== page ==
Thanks to their embarrassing governor Paul LePage, Maine just became the first state to reject an end to ex-gay abuse.
One by one, states across the country have been passing bills to prevent the abuse of minors in so called “ex-gay” treatment. Experts unanimously agree that there is no scientific basis for attempts to manipulate a person’s sexual orientation; and that “pray away the gay” efforts are actually dangerous and cause lasting harm.
Every major medical organization in America has spoken out against ex-gay abuse, whether it happens in one-on-one sessions with self-taught and self-described “therapists,” or in torturous residential camps where kids are subjected to harmful and exploitative practices.
So how did Maine become the first state to buck this trend? Blame their terrible governor, Paul LePage, who was named “America’s craziest governor” after he left a rambling voicemail accusing a colleague of being a “cocksucker.” LePage has also called for a return to beheadings, pushed to legalize toxic chemicals in food containers and claimed that immigrants gave Americans HIV.
But Paul LePage called it “bad public policy” to protect children from those who would prey on them with dangerous faith-healing techniques. He claimed that it would infringe on the religious liberty of abusers. To be fair, that’s true in cases where a person’s faith calls upon them to hurt children.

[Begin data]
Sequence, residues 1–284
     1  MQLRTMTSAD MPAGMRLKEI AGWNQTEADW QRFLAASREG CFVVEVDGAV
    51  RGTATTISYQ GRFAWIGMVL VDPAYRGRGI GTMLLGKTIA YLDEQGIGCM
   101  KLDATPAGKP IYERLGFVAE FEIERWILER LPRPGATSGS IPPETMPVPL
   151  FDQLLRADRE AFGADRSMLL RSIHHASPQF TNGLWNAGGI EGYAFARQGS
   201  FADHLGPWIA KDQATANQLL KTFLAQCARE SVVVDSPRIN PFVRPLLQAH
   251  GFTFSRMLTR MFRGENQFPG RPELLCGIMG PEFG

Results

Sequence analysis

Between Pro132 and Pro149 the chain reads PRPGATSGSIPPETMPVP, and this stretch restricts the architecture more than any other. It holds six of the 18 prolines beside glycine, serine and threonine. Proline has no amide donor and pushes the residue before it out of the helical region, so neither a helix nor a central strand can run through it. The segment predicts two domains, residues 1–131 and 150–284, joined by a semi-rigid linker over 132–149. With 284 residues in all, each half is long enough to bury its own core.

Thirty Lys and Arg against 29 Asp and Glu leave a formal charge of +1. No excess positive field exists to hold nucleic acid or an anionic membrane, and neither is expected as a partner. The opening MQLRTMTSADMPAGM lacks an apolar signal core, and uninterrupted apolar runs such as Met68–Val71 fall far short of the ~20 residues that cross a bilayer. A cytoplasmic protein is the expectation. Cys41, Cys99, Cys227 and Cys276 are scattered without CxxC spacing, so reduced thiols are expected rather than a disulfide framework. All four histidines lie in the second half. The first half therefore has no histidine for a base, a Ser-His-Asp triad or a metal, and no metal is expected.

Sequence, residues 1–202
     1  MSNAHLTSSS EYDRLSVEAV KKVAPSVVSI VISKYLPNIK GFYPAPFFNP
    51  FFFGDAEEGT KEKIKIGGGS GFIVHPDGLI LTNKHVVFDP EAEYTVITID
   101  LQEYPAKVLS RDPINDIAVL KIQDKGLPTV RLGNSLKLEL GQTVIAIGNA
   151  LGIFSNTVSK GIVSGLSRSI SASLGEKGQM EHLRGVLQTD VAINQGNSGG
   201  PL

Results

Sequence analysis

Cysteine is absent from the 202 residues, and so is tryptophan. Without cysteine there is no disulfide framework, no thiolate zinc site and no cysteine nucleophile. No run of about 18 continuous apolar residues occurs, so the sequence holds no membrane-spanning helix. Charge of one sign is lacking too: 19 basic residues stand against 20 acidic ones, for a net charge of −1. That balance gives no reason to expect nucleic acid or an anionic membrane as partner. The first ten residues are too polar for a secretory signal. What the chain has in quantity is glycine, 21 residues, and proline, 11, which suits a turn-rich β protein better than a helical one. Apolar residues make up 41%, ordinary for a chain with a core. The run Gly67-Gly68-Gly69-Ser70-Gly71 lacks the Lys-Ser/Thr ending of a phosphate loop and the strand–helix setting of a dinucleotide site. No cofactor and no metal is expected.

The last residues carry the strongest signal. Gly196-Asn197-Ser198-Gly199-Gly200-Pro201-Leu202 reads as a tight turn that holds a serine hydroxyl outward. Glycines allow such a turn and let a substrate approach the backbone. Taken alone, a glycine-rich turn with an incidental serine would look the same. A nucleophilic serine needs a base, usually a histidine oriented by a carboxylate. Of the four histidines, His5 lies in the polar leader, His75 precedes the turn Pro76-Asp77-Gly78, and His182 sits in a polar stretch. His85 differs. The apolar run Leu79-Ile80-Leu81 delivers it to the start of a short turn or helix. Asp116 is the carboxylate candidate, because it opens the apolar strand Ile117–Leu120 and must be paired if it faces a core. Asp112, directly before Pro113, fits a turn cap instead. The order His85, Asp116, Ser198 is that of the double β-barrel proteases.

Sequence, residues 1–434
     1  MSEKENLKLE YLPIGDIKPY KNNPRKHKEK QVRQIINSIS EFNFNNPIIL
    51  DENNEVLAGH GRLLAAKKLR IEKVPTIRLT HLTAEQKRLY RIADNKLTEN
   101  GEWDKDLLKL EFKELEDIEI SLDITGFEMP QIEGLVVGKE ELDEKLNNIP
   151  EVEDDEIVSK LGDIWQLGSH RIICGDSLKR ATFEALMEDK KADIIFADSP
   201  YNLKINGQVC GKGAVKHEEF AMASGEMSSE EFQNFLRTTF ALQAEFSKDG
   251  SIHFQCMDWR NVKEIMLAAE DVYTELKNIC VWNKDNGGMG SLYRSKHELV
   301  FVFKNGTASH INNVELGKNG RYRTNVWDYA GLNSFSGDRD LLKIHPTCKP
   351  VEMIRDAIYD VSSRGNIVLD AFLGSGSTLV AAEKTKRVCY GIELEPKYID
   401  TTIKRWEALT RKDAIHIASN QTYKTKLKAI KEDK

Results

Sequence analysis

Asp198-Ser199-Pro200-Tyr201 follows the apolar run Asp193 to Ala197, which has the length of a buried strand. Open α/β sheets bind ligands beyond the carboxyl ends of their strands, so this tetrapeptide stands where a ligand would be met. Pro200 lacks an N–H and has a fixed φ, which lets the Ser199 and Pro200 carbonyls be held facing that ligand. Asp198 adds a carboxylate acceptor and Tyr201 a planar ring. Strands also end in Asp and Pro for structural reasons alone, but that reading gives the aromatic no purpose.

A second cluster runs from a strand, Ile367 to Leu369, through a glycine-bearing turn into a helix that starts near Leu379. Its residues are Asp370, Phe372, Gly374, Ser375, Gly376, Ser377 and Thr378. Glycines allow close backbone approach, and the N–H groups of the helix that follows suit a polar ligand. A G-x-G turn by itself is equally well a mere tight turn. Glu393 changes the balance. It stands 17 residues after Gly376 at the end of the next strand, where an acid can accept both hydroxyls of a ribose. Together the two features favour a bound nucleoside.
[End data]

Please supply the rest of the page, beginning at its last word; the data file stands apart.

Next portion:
LePage also claimed that there simply was no ex-gay treatment happening in Maine — in which case his claim that it would infringe on anyone’s religious liberty gets a bit weak.
“We should not prohibit professionals from providing their expertise to those who seek it for their own,” he wrote in a confusing, rambling statement that also called on legislators to legalize overnight child labor.
Following LePage’s veto, Representatives rallied to attempt an override, but Republicans blocked the effort.
Although LePage is a Republican, various other GOP governors have relented and signed similar bills despite their party’s ongoing anti-gay stance. Chris Christie, Bruce Rauner, Larry Hogan, Chris Sununu and more have all agreed to ban the practice in their states.
While Maine digs in on the issue, other states are taking the lead on ending the practice for good. A pending bill in California would outlaw ex-gay abuse for all people, not just minors. Known as AB 2943, it would ban all “advertising, offering to engage in, or engaging in sexual orientation change efforts with an individual” is illegal under the state’s consumer fraud law.
But anti-gay extremists are fighting back. Hate groups like the Family Research Council continues to lie about the practice, with senior grifter Tony Perkins claiming that “it does work.” (It doesn’t.)
The California legislature reconvened this month after a summer recess, and could vote on the bill any day now. With any luck, they’ll take strides towards protecting marginalized queer people for good — even while on the other side of the country, Maine leaves its most vulnerable citizens open to abuse.
Does your state have a Paul LePage of its own?
Featured image by Robert F. Bukaty via AP